If you were part of the people that marched for your platoon and you’re reading this, I hail you oh! I’m so grateful for that soldier lady that picked me out of the marching group. I thought she was being wicked but, after seeing what others that marched went through I was thanking my stars.

These people were standing under the bare sun for hours all in the name of marching that they are not collecting money for.


Why People Say Camp Was ‘Fun’

Practically everything in camp was shitty. When people say camp was ‘fun’ what they’re describing is a general sense of community in how shitty their living situation is—basically, it’s not as shitty because you’re experiencing the shittiness with other people.

And if you ask me, that was the best part of camp. Even just watching the whatsapp status of my friends from other camps and knowing I wasn’t alone made the whole camp situation suck less.

Exhibit A. 🤣. One of my friends from another camp telling us about her experience
This one in particular made me Chuckle. The NYSC anthem in particular sounds like something specially made to frustrate you.
Local man rethinks his decision. LMAO.

One thing I have to say about this whole thing is that NYSC could be better and safer than it is. The time we wasted with SAED and General Lectures could have been used to take us on a tour around major places in the state, and actually let us interact with the place that we’ve been posted to. There are enough funds to make this happen.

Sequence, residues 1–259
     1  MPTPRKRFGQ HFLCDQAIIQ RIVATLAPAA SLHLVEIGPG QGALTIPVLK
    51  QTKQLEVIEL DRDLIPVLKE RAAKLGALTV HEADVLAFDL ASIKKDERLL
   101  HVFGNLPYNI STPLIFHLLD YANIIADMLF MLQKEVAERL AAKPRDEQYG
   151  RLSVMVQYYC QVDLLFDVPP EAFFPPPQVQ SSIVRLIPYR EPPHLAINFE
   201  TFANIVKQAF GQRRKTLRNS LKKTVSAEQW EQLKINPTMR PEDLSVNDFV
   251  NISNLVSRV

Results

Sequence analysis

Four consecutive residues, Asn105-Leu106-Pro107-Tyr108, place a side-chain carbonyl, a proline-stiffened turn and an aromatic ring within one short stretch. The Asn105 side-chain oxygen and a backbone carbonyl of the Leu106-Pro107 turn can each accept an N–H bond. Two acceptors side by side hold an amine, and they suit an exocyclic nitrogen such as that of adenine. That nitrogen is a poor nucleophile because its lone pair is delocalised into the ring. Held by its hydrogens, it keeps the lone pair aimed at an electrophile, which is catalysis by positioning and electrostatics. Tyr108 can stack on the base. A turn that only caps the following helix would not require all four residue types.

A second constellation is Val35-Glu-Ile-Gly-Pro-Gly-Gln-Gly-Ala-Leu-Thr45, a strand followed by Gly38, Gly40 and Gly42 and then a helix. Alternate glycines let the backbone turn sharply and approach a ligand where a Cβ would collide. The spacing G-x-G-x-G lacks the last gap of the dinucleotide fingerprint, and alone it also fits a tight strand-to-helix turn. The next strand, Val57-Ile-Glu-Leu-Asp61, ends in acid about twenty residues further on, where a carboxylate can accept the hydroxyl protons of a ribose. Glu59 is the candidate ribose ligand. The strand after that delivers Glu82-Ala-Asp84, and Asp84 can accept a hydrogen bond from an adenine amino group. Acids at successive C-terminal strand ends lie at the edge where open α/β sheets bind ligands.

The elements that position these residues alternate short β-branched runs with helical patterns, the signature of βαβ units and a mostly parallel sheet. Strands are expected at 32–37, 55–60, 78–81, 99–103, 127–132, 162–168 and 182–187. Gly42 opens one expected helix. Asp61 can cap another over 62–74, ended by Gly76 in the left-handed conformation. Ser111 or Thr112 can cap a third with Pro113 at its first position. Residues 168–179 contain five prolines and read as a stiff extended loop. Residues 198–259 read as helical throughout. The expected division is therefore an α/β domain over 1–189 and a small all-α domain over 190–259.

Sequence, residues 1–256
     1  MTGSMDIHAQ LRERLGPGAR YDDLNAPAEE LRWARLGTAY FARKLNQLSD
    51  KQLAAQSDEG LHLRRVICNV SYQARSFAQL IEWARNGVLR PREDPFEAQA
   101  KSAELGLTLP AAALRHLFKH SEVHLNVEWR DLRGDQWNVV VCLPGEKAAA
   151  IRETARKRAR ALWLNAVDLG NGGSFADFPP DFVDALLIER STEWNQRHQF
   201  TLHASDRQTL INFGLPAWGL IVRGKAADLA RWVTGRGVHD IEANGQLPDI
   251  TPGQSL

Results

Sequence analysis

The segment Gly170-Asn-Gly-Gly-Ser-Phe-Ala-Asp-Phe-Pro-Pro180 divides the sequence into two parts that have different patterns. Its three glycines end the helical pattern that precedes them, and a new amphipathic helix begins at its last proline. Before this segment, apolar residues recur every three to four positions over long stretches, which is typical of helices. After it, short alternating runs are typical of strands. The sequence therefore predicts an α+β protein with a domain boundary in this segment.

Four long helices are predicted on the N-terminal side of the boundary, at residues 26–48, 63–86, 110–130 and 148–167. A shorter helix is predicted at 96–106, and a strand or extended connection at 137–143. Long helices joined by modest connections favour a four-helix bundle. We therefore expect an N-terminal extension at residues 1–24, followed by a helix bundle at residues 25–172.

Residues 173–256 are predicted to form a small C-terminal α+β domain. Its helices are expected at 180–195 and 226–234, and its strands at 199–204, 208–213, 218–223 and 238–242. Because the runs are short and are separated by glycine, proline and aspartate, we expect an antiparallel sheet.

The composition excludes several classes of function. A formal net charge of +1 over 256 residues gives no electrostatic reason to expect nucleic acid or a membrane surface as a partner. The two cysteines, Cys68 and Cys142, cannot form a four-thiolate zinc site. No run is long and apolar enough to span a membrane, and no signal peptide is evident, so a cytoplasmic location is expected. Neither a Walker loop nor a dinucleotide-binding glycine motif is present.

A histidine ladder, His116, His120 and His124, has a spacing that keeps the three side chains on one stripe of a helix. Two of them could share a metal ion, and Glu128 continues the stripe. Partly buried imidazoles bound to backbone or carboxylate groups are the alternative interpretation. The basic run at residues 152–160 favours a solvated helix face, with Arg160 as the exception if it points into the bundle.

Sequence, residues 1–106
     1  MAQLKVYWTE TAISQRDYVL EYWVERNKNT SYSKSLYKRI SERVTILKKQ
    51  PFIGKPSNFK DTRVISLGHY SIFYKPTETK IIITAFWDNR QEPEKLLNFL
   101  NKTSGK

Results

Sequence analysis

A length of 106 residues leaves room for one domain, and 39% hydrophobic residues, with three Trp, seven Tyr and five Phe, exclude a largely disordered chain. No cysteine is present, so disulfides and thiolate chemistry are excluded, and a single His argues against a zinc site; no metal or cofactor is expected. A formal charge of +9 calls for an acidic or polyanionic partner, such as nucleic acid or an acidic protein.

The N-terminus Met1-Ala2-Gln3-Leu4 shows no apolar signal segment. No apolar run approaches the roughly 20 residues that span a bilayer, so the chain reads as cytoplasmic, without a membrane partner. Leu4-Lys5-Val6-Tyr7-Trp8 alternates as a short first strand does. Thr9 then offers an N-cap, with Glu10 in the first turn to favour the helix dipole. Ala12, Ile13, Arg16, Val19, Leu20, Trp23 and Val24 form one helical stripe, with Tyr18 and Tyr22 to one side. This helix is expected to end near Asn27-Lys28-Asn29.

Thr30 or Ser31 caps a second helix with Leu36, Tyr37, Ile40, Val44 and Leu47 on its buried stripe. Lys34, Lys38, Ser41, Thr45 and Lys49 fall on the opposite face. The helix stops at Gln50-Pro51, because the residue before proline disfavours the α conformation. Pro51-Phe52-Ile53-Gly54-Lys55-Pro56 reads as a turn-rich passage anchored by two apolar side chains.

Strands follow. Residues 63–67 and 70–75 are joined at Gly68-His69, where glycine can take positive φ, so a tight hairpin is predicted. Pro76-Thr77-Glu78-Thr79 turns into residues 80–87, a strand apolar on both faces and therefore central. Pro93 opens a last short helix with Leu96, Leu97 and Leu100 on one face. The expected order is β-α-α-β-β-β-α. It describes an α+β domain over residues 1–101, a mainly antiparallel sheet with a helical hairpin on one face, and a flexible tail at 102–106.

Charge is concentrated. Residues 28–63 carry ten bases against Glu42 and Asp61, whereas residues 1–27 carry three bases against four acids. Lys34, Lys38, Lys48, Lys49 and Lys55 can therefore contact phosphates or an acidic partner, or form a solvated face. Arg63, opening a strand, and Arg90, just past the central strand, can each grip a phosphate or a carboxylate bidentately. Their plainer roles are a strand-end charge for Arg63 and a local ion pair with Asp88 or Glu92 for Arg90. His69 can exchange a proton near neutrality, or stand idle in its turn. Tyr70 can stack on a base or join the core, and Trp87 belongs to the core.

Alot has to also be done in respect to the living arrangements and the toilet situation. Using pit latrine in 2019 is actually embarrassing. 

Also if all states were up to standard and livable no one would be paying one uncle in Abuja to help them relocate. A lot of what I saw while I was in camp brought me to the conclusion that Nigeria has and needs to do better. Periodt.

Thank you for coming to my TED talk.

If you liked this post you should also read

Adventurous in Abeokuta: A Guide to Fun

Travel Diaries: Dubai-Boat Cruises, Henna and Camel rides 


11 thoughts on “Surviving NYSC Orientation Camp: Tales of an Ekiti Corper

  1. This is a truly insightful post about NYSC Camp experience.
    During my time, the guys marching had to stand under the sun for hours before Governor Gboyega Oyetola actually showed up. It was mind boggling!
    Also, I remember that we had to pay to charge our phones because even if electricity was constant there were no provision for sockets in our rooms.
    I’m 100% with you. The NYSC officials should at least take CORPERS to important tour sites in the state.
    It’s been a long time since you posted.
    Welcome Back!

    Liked by 1 person

  2. It was a very nice read. I love the “Camp is fun” part and I believe anybody who makes such statement should be punished (zero fun but 21 days of being wrong to the soldiers)

    As bad as the NYSC process might be, I believe it’s a great idea that just need a reform (a 21st century reform)

    Liked by 1 person